The National Archives at San Francisco, located in our San Bruno facility, has more than 55,000 cubic feet of archival holdings dating from 1850 to the 1980s, including textual documents, photographs, maps, and architectural drawings. These archival holdings were created or received by the Federal courts and more than 100 Federal agencies in northern California, Guam, Hawaii, Nevada (except Clark County), American Samoa, and the Trust Territory of the Pacific Islands. Federal law requires that agencies transfer permanently valuable, noncurrent records to NARA.
Among the subjects covered are Chinese exclusion and immigration, the development of Pearl Harbor and mainland coastal fortifications, former World War II defense sites, public land use, national forests, migrant labor camps, and tribal history.
The archival holdings are arranged by record group (abbreviated RG), a body of records from an agency or bureau identified by an RG number. Selected finding aids, including a comprehensive guide to archival holdings, are available by mail and online. Research can be initiated in person, or by telephone, mail, or e-mail. Individuals who wish to use archival holdings on-site will facilitate their research by calling before visiting. If the number of researchers exceeds research room capacity, those with appointments will receive priority.
Before using archival holdings, every researcher must obtain a researcher identification card. An applicant must show identification that includes a photograph, such as a driver's license, school or business identification card, or passport, and complete a short form giving name, address, telephone number, and brief description of the research topic. The Archives then issues a researcher ID card that is valid for 1 year and is renewable. The researcher must present the card during each research visit.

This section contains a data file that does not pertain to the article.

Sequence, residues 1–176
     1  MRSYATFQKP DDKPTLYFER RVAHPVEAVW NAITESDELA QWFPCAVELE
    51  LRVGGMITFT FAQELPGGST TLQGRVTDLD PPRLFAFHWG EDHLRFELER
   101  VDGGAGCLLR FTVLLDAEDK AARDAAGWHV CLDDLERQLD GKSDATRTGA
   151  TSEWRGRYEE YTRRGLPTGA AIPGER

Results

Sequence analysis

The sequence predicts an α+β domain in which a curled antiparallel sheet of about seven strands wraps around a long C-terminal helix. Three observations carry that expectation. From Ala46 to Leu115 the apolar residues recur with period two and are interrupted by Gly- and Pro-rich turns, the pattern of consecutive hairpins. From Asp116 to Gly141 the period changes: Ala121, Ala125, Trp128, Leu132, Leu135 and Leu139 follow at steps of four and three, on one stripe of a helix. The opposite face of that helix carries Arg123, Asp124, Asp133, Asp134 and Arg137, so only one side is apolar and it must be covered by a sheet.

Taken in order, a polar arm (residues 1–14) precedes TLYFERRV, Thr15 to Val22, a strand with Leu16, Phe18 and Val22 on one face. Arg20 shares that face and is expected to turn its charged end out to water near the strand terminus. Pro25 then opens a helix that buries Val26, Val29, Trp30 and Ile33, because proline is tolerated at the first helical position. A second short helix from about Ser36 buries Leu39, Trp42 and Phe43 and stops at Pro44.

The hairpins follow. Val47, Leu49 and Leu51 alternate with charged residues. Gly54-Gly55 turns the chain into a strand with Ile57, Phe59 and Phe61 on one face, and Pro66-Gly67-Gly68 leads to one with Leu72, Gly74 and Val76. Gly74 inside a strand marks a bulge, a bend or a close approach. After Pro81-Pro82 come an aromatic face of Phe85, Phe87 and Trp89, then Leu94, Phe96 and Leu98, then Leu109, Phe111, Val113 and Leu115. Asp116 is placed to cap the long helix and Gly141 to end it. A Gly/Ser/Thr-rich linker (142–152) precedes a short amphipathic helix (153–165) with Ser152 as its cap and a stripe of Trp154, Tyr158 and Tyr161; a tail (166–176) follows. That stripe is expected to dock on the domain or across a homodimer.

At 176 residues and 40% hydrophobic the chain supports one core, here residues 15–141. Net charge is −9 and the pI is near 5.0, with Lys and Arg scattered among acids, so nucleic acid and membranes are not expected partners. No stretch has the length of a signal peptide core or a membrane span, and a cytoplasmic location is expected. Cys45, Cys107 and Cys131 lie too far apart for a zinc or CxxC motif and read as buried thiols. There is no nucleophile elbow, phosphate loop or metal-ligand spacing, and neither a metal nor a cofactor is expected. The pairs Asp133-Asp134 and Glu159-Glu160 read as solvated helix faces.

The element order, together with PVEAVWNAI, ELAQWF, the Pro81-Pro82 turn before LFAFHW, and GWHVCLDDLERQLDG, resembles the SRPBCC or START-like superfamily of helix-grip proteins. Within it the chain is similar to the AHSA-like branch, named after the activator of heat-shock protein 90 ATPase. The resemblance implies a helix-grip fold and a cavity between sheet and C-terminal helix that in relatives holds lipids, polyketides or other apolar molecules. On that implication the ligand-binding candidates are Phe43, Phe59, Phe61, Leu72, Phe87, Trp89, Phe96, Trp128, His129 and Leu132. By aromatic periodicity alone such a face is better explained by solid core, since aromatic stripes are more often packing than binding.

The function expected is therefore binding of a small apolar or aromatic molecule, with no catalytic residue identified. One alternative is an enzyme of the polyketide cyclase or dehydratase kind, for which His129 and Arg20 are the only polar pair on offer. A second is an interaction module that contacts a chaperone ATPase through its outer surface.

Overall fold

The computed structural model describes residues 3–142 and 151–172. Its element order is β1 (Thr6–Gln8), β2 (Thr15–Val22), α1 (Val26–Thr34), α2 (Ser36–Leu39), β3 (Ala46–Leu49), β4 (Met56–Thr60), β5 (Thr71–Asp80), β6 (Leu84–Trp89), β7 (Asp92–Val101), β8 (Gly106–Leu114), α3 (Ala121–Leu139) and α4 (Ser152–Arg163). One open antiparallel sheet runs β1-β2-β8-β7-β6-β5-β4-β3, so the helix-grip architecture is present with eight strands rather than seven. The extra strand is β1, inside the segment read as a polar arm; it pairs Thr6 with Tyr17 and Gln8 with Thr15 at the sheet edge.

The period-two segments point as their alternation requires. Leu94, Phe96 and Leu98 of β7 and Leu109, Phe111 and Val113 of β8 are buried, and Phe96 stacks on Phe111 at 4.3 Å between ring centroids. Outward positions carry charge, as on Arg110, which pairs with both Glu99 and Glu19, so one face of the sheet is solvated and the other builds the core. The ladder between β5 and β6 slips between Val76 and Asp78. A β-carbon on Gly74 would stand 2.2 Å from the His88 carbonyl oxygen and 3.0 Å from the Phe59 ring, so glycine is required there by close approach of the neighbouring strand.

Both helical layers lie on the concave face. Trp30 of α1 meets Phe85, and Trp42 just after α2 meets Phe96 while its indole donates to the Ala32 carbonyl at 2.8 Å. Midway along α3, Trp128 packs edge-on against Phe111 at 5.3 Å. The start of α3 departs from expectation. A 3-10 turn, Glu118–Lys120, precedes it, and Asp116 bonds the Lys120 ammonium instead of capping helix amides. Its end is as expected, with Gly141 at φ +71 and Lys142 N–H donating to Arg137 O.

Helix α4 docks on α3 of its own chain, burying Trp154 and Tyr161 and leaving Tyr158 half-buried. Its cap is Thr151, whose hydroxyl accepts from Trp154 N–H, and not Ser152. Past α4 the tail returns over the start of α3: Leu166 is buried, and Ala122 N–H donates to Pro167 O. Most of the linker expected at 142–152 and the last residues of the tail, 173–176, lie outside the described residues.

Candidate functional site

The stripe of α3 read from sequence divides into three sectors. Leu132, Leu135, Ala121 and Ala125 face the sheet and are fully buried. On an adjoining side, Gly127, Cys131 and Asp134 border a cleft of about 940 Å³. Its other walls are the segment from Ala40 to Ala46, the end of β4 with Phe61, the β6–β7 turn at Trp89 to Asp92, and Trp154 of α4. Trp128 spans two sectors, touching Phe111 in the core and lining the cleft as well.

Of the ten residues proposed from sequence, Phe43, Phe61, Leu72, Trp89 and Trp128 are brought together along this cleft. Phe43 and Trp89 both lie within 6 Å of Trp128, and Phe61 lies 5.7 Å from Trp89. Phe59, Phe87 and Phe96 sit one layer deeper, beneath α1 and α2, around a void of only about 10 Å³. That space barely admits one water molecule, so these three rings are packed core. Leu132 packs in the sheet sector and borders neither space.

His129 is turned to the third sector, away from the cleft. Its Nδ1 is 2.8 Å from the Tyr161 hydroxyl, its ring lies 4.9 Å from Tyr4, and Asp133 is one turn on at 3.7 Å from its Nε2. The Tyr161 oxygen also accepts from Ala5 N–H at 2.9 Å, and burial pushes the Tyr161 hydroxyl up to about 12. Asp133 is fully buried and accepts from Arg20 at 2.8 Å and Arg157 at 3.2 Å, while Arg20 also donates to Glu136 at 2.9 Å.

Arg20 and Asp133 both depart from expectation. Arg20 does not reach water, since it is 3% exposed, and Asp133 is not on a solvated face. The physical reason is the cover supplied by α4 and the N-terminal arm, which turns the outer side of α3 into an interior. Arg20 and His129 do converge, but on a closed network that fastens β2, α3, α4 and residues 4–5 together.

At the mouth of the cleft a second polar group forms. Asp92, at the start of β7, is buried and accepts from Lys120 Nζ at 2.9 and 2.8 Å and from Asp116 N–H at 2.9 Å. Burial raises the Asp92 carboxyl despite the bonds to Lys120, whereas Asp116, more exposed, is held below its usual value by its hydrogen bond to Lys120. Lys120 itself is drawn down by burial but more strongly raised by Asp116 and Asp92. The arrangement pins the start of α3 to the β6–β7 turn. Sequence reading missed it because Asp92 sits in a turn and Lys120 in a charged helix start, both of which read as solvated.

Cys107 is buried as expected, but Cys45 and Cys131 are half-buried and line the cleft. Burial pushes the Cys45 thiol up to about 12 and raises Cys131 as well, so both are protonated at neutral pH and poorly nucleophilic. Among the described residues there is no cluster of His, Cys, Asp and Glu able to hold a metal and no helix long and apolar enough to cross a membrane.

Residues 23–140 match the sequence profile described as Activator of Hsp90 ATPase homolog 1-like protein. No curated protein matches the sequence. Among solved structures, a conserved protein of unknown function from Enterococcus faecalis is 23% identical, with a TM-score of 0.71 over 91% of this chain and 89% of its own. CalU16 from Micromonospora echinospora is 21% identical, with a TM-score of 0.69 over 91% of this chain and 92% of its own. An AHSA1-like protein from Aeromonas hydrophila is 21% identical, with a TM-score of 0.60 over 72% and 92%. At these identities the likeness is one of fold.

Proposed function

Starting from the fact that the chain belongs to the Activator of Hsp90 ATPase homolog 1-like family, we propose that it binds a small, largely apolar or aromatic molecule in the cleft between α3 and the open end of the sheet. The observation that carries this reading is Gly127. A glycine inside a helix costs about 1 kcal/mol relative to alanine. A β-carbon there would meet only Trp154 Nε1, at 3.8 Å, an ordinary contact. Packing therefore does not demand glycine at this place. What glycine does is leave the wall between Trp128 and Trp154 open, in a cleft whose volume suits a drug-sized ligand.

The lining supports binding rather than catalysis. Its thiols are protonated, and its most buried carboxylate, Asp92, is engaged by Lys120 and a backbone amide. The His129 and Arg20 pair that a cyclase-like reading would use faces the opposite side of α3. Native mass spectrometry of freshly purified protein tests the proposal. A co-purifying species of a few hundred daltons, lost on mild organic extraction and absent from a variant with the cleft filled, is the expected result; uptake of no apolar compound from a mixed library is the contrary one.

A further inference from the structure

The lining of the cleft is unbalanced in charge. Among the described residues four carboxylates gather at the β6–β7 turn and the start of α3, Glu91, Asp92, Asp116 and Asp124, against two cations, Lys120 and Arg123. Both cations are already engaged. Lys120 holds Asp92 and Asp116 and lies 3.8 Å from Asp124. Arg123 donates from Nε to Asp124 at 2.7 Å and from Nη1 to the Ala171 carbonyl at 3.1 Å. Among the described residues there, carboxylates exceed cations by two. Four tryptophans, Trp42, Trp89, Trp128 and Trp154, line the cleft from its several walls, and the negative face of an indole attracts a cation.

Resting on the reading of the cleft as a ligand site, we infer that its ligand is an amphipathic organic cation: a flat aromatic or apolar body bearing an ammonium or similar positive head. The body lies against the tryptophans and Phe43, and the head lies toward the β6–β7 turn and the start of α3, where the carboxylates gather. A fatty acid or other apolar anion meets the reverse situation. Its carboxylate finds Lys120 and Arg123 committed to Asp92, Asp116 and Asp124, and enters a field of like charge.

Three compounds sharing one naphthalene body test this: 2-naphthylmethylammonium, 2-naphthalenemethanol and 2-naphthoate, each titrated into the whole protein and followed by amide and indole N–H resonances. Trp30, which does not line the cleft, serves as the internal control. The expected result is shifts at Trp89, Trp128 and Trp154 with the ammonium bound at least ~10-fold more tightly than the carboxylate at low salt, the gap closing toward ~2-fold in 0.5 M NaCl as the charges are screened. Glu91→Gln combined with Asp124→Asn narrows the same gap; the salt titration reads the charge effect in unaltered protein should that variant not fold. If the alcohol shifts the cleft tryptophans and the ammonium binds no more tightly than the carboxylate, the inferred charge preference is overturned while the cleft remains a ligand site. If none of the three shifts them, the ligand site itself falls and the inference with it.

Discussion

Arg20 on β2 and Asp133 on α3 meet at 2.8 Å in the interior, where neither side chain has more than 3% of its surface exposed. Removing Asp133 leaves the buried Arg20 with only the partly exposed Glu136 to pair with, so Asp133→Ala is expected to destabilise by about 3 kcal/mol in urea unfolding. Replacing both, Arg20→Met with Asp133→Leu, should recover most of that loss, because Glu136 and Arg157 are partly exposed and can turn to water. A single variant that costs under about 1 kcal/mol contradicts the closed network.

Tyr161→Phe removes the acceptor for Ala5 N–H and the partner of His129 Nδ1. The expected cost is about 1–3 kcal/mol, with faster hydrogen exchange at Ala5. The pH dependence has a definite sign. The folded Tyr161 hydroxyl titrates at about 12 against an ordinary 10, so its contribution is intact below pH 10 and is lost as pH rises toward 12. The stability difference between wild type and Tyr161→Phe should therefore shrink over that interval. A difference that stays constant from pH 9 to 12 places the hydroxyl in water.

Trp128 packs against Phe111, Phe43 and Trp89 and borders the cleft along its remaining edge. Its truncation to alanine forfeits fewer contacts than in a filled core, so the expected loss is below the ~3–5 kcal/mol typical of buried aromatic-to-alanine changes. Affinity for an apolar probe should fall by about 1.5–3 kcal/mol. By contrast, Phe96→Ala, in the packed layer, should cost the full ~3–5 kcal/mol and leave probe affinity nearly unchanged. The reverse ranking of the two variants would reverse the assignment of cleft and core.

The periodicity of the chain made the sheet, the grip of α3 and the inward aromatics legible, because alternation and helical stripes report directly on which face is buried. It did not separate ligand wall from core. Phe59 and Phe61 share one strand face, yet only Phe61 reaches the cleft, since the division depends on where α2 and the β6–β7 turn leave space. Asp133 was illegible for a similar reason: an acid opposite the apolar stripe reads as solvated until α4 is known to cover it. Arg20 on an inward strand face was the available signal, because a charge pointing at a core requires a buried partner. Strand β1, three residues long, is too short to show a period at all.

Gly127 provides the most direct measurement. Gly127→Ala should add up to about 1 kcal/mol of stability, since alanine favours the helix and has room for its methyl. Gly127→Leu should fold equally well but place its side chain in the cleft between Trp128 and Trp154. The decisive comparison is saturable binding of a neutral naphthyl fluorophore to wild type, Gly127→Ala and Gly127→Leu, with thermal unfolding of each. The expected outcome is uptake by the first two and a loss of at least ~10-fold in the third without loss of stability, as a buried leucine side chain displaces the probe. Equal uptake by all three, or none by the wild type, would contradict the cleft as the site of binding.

In addition to unique original records, the National Archives at San Francisco has extensive holdings of National Archives microfilm publications. These publications reproduce basic documentation for the study of history, economics, public administration, political science, law, ethnology, genealogy, and other subjects. Included are records relating to U.S. diplomacy, the Revolutionary War, the Civil War and Reconstruction, Native American-Government relations, westward expansion, Asian immigration, and World War II.
Self-service microfilm readers and reader-printers are available without appointment. A 2-hour limit is imposed when researchers are waiting.